7 Flowers Good Enough to Eat (Really!)
These seven flowers pack a sweet punch, adding more than just decoration to your dinner plate.
Just as parsley can double on dinner plates as spice or garnish, flower petals too can add more than just decorative color to dishes. While parsley is more familiar, flower petals add the same unexpected color, texture, and taste to food, and many varieties of flowers are 100-percent edible—and may already be growing in your own backyard! Make sure, of course, that there are no pesticides on your pansies before ingesting them, and remember to first remove all petals from the bitter white base of the flower before applying them to recipes.
The petals of this easy-to-find, perennial prom-lapel favorites are sweet and can be used in desserts and as cake decorations. Carnation petals are one of the secret ingredients used to make Chartreuse, a French liqueur. Because they are popular wedding and special occasion flowers, carnations are generally available year-round.
Imparting a sweet honey-like flavor and fragrance, the flowers—particularly the buds—are sweetest when picked young and eaten right away. Leaves can be steamed, sautéed, or tossed in salads, and petals look like confetti when sprinkled over a rice dish.
Whereas the petals have a sweet honey flavor, stay away from the berries, which are highly poisonous! Honeysuckle grows from late spring until the very end of summer, making it a highly accessible flower to spice up summertime recipes.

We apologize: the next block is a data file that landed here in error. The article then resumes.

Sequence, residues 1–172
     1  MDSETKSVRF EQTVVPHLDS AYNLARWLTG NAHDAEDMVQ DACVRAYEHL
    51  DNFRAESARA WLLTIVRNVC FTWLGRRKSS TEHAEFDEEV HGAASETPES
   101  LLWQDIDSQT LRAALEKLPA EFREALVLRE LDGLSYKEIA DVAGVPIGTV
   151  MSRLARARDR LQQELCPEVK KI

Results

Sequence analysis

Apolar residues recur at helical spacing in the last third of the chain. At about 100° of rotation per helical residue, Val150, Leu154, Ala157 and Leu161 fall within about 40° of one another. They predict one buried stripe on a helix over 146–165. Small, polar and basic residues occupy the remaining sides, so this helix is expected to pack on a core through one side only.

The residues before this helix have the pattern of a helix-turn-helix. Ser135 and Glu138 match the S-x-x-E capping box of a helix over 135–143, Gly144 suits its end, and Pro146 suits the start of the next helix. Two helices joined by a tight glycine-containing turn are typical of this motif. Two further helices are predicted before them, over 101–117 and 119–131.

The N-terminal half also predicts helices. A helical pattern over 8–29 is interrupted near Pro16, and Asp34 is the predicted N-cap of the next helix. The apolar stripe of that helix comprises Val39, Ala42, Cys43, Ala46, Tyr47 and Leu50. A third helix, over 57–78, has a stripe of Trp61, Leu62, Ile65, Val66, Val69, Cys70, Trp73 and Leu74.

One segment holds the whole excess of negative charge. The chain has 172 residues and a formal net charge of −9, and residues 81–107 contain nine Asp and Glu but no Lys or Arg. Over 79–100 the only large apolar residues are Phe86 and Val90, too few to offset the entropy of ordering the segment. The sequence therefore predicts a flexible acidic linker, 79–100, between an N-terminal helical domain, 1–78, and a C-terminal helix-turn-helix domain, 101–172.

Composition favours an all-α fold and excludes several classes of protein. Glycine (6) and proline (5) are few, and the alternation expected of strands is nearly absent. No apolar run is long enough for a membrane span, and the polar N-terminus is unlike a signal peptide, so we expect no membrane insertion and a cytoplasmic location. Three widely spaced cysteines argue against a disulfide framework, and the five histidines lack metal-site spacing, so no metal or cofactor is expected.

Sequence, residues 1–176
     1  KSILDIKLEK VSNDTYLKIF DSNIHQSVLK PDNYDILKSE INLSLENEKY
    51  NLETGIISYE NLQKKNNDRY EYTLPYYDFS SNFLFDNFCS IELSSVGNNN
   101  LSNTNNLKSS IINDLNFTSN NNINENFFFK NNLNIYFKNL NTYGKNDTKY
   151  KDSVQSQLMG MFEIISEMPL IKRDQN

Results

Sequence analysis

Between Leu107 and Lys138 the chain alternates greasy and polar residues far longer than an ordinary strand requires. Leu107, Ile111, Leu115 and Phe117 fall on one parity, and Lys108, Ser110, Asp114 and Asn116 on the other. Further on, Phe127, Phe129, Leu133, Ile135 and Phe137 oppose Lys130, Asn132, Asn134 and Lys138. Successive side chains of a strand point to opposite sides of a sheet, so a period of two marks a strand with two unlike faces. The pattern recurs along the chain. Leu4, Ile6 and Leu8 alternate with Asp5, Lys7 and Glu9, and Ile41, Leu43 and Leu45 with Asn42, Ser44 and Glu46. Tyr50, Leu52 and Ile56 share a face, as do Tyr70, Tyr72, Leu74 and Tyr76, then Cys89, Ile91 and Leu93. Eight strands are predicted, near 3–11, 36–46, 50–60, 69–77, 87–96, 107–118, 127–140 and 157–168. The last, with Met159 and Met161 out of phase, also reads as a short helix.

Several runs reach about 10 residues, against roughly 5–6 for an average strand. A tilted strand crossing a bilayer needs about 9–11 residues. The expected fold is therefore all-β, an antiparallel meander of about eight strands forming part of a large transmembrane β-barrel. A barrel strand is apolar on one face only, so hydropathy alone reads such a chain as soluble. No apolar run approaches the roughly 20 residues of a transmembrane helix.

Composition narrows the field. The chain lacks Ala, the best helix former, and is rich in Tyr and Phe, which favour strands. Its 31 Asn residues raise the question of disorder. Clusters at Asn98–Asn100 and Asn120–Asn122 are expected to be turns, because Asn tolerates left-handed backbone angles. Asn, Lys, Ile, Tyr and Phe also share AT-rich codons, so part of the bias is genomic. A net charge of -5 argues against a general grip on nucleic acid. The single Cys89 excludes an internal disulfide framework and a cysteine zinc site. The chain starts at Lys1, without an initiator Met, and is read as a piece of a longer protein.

Also known as "poor man's saffron," the flavor of marigolds ranges from spicy to bitter and tangy to peppery. Add this aesthetically pleasing foliage to soups, pasta, rice, or salads for an orange-gold glow. Like honeysuckle, marigolds are easy to grow in your home garden all throughout the growing season—watch them bloom from the spring months until winter's first frost.
A commonly used edible flower, nasturtiums come in brilliant red, orange, and yellow colors and have a spicy, peppery flavor similar to watercress. Use entire flowers to garnish platters, salads, sandwiches, and appetizers. For a surprise treat, don't forget to nip off the end of the flower bud and suck out the sweet nectar.
The flavor, depending on type, color, and soil conditions, tends to be reminiscent of strawberries and tart apples. All roses are edible, with the flavor being more pronounced in the darker varieties. Sprinkle on desserts or salads, freeze them in ice cubes, and float them in punches. While these buds get pricy around the holidays, they are available year-round for infusing into your food.
Their sweet, perfumed flavor complements their colorful hues of purple, yellow, blue, or white and can amp up the taste, texture, and color of a salad of mixed greens in no time flat! They are also wonderful additions to iced drinks and can be used to decorate desserts. Freeze them in ice cubes for a pretty presentation in punches. Violets are most widely available and in season during the spring months.
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